Good link. The founders had good economic intuition, and collective action problems and externalities were at the forefront of their consideration of the division of powers between the federal government, the states, and the people. The most obvious example in Article 1 Section 8 is of course the vague authority to appropriate money for the "general welfare". When people like Madison and Jefferson got more specific on what this power entailed (for example - the power to construct roads), their language got even more recognizable to modern economists. In fact, the real objection to the road building wasn't the federal authority to appropriate money for it, but the federal authority to commandeer state land for the investment.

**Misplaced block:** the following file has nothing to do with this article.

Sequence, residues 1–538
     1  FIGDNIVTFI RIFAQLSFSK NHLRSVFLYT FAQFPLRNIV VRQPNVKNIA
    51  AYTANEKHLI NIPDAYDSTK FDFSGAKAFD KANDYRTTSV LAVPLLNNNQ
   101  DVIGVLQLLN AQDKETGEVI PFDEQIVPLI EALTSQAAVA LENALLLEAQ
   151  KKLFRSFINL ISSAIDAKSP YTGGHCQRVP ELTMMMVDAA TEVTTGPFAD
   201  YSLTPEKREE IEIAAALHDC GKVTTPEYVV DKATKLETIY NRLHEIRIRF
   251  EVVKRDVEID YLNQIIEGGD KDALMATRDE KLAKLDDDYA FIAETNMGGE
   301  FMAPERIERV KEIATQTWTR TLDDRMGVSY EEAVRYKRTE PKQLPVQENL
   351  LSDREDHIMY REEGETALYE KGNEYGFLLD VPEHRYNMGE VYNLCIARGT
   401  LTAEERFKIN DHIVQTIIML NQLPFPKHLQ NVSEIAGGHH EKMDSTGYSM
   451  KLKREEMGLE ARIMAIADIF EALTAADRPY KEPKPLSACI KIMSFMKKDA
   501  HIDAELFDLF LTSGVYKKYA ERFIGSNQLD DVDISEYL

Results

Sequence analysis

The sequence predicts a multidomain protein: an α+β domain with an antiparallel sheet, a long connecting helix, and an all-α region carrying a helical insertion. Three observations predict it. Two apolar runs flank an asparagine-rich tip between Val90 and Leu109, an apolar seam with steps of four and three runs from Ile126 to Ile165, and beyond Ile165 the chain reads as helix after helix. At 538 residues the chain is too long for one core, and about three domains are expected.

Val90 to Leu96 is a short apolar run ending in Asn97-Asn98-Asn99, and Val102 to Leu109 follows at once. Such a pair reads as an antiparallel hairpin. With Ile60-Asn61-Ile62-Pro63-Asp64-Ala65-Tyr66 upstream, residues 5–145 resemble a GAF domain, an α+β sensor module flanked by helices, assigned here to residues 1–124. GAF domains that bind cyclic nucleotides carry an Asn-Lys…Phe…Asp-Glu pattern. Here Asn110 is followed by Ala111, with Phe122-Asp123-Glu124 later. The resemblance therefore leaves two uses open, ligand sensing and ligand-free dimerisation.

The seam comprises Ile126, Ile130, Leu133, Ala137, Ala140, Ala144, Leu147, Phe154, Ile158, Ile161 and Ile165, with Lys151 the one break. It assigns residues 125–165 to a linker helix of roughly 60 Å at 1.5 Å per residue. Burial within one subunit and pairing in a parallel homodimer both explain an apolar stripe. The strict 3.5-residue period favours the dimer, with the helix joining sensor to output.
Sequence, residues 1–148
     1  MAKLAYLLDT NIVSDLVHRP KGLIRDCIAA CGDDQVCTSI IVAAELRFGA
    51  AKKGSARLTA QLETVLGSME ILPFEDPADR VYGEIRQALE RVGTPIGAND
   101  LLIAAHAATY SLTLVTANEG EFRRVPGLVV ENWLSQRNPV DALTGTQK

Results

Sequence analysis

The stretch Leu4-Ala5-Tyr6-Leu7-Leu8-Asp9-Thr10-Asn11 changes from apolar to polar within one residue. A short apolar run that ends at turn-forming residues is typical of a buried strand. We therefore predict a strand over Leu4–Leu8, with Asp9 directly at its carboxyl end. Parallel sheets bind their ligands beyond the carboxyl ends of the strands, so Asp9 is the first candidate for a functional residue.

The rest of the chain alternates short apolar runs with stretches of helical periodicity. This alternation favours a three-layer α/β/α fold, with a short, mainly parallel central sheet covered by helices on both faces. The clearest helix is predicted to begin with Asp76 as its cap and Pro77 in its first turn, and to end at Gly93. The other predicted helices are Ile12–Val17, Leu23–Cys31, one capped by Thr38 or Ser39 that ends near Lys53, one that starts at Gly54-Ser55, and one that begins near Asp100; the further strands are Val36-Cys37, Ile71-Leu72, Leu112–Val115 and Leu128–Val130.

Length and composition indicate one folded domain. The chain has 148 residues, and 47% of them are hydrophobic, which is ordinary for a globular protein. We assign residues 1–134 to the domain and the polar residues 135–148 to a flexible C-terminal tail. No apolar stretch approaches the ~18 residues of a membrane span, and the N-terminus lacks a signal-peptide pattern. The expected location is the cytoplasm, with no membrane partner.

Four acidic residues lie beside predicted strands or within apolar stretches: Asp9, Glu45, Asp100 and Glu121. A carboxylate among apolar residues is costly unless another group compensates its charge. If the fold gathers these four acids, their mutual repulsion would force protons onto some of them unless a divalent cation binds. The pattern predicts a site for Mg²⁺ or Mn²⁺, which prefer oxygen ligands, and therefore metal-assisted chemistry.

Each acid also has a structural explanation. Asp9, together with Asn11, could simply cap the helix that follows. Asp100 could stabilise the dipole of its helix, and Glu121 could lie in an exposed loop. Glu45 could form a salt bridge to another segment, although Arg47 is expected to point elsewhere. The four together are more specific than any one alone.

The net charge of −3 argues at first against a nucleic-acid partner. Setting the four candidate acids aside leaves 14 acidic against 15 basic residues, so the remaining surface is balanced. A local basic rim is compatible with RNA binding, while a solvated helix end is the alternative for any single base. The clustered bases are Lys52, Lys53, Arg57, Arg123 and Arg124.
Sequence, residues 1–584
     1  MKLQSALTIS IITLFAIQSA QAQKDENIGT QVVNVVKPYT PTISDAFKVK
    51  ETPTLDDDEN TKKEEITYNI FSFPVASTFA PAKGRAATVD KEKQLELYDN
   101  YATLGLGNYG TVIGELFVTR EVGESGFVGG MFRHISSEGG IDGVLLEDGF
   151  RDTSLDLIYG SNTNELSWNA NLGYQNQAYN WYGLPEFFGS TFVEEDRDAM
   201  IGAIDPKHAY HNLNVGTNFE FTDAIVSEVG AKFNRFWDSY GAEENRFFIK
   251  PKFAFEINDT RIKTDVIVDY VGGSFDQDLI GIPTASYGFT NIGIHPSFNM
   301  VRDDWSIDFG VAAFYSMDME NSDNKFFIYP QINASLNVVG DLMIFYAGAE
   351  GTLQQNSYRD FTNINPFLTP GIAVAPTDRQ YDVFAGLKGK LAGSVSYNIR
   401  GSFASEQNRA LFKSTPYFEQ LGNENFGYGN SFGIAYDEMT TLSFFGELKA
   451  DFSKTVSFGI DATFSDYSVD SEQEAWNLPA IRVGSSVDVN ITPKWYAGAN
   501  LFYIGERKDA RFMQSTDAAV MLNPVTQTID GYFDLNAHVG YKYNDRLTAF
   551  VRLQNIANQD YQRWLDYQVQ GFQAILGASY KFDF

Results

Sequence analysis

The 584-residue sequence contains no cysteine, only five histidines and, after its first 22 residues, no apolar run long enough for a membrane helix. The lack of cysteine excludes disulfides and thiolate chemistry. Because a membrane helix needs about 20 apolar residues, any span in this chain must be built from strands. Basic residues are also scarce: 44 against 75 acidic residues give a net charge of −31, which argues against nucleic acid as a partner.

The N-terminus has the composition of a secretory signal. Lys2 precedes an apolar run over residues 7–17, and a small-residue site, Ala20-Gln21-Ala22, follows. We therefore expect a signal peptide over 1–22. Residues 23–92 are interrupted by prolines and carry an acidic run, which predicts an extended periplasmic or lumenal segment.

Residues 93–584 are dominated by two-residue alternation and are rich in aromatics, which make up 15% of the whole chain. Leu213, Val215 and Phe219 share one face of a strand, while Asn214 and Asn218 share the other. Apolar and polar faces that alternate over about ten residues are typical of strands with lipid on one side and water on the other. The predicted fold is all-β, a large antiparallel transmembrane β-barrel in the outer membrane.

Bad link. Reason.com argues that Obama is getting a blank check from the anti-war movement, and it's because of partisanship. I don't understand why people get taken in by this argument. I participated in the anti-war movement in to a certain extent during the Bush administration. I participated in a couple marches. "Anti-war" is something of a misnomer... while there were genuinely "anti-war" people there what it really was was "anti-Iraq-war". Most of the vocally "anti-war" people I knew agreed with me that Afghanistan was a legitimate commitment of troops and Iraq was not a legitimate commitment of troops. We have seen a lot of violence in Afghanistan the last couple years, but I resent being called partisan or a hypocrite for not being as concerned as I was. Obama did what a lot of us elected him to do - get us out of Iraq in a rational way and get the job done in Afghanistan. Exactly when and how we need to get out of Afghanistan is a tough question that I could muse on but don't have the expertise to answer. But Reason.com shouldn't obscure the real issue at hand. The comparison they made is also quite strange - they looked at the first three years of the Bush administration and compared it to the first two and a half years of the Obama administration. We didn't even get into Iraq until 2003. What kind of comparison is that?!?!? Reason.com is too wrapped up in the politics of this question and pays too little attention to the policy.